We can also consider the inverse of each great-making factor. For example, the flourishing of the message is associated with a late incarnation. Let’s test the validity of this factor by considering the inverse. Would an early incarnation be associated with reduced message virality or flourishing? This seems very likely on the grounds that arguing for the integrity of the written gospel is difficult enough under present conditions, and would be easier under an appearance in the modern age.

So, we initialize a trend over time where older stories are more difficult to preserve. This trend is plausible already, and now further consider the discontinuous increase in difficulty should Jesus have appeared before the invention of written language. In fact, we can plainly see such difficulty because the Exodus recorded in the Old Testament is purported to take place before the invention of writing, and criticisms of the historicity of the Exodus are far more widespread compared to criticisms of the historical Jesus.

We can also speculate that some amount of time between the Old and New Testaments were required:

  1. In order for prophecies to become impressive. Forecasting something that occurs next week is much less interesting than forecasting an event in the far future.
  2. For the development of a community with general corrupted tradition.
    1. When the law was revealed to Moses it was fresh, perfect, and holy.
    2. Early on, religious leaders may have been afraid to edit the law as revealed. Over time, certainly by the time of Jesus, we know that many corruptions not revealed to Moses had been added into the religion and community as obligatory norms. This created an opportunity for correction that would not be available, say, the day after the law was revealed to Moses.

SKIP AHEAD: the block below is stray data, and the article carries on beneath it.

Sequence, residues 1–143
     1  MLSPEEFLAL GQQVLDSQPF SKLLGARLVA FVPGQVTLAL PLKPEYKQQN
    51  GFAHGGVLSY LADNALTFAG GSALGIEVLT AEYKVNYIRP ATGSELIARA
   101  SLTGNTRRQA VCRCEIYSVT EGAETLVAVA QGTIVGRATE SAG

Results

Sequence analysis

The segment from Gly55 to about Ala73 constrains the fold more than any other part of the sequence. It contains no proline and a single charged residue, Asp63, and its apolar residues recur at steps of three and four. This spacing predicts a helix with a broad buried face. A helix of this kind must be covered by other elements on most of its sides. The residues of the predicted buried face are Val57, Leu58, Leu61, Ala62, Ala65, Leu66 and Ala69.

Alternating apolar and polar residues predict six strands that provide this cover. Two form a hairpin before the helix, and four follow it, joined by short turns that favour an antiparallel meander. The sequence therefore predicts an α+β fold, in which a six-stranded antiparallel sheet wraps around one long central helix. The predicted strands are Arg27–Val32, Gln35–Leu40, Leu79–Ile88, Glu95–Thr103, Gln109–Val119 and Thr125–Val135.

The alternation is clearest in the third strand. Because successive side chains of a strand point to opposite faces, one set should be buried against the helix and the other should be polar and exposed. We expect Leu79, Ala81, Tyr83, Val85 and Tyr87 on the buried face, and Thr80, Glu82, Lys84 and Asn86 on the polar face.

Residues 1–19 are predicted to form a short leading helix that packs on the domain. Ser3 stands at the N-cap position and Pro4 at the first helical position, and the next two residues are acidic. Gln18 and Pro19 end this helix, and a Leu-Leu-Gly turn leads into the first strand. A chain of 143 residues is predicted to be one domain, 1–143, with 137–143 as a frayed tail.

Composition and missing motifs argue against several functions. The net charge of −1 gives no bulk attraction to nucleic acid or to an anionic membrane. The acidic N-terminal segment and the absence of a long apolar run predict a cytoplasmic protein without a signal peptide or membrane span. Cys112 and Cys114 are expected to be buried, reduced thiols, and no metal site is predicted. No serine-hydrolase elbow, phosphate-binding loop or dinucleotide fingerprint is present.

3. This situation allowed the creation of a higher good and demonstration of greater ability on the part of Jesus. For Jesus to restore a fallen community is more impressive than, say, if Jesus had been born the day after the tablets of Moses were revealed. In the latter cases, Jesus is merely the best student of a given set of rules. In the former case, Jesus has to do something far more difficult than following given rules: He has to transcend bad social rules, find the right rules, and ultimately influence his community to swap the bad ones for the good ones.
    4. In completing 2.3, Jesus takes on a role describable as a teacher, a healer, a redeemer, and so on, rather than a mere student of Moses, which is a description that is harmonious both with the typical Christian concept of Jesus and also with someone who would be able to eliminate sin and provide eternal life.

Waiting too long, however, traps the Jews under a suboptimal set of laws and a covenant that was intended to be temporary from the beginning.